Part of my problem with this year’s New York Film Festival slate, I suppose, is that I was spoiled by the NYFF’s first-anywhere debut of The Social Network in 2010 — that was a major score that put the NYFF, which had acquired a bit of a sleepy, sedentary rep under Richard Pena, back on the map and was a feather in the caps of the newly ascended Scott Foundas and NYFF selection committee member Todd McCarthy.

Note: I’ve been informed that a certain former Lincoln Center fellow with the initials “K.J.” played a crucial role in landing The Social Network, and that I shouldn’t go overboard in assuming that Foundas-McCarthy were the principal architects of that “get.”

To be sure, landing Flight as the closing-night attraction is a commendable score, but the only thing that could have fully lived up to The Social Network this year would have been Steven Spielberg‘s Lincoln (Disney, 11.9). Life of Pi for the opener, Flight for the Centerpiece and Lincoln for the closing-nighter…perfect!

Alas, Spielberg films almost never play major festivals (the big exception was ’08’s Indiana Jones and the Kingdom of the Crystal Skull), and Disney marketing’s decision not to debut their film as a closing-night NYFF attraction may, I fear, indicate their level of confidence in it, at least as far as how Lincoln will fare with the NY critical community…but let’s not assume too much. Ease up, take it slow.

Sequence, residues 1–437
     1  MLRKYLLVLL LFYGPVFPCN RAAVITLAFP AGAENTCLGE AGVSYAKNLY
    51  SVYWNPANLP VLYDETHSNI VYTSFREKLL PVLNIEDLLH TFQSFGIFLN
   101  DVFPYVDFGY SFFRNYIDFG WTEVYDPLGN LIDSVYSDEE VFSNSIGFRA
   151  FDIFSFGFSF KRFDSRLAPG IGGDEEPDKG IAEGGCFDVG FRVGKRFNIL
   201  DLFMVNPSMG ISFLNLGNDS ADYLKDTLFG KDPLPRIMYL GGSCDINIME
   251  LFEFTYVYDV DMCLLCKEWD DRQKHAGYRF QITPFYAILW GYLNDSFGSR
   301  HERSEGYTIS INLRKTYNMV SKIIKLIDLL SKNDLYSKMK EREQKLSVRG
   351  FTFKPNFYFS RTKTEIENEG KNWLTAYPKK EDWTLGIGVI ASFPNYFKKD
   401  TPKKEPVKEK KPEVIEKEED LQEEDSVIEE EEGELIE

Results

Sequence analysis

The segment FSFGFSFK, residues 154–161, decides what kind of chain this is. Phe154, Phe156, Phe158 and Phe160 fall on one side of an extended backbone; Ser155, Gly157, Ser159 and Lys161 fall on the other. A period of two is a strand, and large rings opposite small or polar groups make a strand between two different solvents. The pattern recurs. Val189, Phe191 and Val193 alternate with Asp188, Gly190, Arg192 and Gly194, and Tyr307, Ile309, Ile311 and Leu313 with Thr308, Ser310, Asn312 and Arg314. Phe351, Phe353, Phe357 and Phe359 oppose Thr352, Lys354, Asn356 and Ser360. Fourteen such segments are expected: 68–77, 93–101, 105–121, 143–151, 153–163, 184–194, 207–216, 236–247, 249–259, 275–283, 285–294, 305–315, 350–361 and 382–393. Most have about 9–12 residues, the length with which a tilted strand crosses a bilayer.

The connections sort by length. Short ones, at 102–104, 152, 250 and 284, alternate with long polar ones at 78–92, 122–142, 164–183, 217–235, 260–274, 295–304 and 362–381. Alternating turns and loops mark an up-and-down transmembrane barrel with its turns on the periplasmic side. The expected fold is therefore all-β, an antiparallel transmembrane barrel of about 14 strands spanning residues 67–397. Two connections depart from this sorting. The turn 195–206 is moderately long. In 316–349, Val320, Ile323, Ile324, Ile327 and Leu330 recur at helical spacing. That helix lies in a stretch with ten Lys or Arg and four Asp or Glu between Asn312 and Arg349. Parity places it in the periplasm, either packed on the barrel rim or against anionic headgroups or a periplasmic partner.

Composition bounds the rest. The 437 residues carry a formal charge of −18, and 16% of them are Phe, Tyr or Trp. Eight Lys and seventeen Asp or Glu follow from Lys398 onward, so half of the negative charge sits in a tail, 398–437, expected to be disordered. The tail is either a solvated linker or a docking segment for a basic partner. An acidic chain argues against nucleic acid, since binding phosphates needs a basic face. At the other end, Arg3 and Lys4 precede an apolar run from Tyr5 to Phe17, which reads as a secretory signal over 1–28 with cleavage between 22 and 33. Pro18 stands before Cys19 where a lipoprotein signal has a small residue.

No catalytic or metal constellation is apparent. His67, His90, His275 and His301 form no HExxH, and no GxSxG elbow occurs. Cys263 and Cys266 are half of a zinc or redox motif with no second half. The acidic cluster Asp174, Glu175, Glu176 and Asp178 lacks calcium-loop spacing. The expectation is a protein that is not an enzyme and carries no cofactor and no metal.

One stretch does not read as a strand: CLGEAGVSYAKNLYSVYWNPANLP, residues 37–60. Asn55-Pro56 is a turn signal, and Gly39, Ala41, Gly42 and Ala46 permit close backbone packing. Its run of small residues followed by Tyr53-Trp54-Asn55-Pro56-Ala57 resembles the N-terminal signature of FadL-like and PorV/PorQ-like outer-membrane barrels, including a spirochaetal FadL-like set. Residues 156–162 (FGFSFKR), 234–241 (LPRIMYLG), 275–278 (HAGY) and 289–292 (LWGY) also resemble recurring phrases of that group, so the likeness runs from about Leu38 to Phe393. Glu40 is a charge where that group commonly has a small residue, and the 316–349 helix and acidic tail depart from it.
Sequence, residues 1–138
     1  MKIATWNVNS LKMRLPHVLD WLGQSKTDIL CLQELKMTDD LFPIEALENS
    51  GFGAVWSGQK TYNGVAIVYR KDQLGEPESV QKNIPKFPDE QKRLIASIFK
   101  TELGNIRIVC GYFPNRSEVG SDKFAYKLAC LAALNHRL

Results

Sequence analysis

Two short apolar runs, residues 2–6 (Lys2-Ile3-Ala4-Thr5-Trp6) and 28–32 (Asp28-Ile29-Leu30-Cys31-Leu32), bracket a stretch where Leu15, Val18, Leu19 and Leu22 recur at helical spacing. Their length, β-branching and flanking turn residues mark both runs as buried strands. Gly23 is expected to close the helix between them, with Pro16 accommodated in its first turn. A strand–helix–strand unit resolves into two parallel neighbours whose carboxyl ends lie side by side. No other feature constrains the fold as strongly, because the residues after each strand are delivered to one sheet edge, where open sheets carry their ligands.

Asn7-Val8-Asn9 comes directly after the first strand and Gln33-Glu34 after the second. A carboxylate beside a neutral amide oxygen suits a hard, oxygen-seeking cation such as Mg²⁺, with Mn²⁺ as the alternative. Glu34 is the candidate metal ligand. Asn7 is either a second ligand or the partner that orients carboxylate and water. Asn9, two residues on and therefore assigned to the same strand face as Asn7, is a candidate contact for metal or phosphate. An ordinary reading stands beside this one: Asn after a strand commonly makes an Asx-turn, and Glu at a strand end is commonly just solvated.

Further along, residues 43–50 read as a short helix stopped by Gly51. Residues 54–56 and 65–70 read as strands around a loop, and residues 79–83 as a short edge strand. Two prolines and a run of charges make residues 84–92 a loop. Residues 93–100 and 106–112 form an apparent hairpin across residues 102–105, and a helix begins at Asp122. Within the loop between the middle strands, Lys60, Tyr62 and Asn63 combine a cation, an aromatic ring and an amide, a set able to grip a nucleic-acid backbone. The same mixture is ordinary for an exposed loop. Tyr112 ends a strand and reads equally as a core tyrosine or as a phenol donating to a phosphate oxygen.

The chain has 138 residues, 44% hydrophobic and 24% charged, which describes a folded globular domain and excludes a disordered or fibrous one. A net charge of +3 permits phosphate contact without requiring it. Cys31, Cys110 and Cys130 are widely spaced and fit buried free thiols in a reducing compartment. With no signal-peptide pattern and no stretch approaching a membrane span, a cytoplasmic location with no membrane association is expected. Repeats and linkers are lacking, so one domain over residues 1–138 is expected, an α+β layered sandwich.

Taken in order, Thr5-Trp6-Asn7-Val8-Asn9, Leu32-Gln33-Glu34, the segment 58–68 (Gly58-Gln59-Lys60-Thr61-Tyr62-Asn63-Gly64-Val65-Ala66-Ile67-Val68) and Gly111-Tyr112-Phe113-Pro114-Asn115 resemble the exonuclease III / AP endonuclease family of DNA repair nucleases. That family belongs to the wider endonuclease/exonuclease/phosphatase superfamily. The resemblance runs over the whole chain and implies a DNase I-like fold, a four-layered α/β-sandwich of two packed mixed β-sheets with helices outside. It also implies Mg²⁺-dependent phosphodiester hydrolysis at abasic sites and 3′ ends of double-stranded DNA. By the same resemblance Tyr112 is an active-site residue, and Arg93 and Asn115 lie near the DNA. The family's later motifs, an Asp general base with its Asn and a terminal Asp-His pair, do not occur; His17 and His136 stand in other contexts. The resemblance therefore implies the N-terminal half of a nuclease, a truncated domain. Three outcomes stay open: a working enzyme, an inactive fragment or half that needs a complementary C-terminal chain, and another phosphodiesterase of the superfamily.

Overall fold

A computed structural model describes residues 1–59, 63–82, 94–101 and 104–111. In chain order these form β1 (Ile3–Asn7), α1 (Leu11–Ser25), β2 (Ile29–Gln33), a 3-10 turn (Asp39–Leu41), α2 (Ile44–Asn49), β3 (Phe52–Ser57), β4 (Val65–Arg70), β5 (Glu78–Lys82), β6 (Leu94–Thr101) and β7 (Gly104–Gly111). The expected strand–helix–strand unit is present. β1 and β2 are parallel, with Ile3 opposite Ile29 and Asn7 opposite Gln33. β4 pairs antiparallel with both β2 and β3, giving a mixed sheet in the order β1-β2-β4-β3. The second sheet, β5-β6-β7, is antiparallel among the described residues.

Still, the fact that Lincoln will open on November 9th, only three and a half weeks after the NYFF closes, makes you wonder if there’s any big-city, media-centric event that they’d be comfortable partnering with for a Lincoln debut. What are they going to do, show it around the country in a series of rube screenings like they did with War Horse?

The answer, of course, is “no” — that screen-it-for-the-rural-popcorn-crowd strategy convinced everyone except for EW’s Dave Karger that War Horse was a problem, and that’s exactly what it turned out to be. It doesn’t matter how much money it made ($79 million domestic, $97 million foreign) because (a) many if not most ticket buyers are not afflicted with that cultural burden or affliction called “taste,” and (b) the fact that War Horse was grotesquely sentimental and wildly manipulative destroyed its Best Picture chances, and cemented the notion that Spielberg’s worst tendencies are out of control these days.

Which is why people are concerned about Lincoln as we speak, and saying to each other that “whatever Spielberg does with this material, you really can’t trust him to do the right thing any more, not after War Horse and also considering the tedious experience of Amistad.” They’re also saying that “the only thing we’ll be able to really count on, most likely, will be Daniel Day Lewis‘s performance, and hopefully Tony Kushner‘s screenplay and perhaps the supporting performances…who knows?” But nobody trusts Spielberg.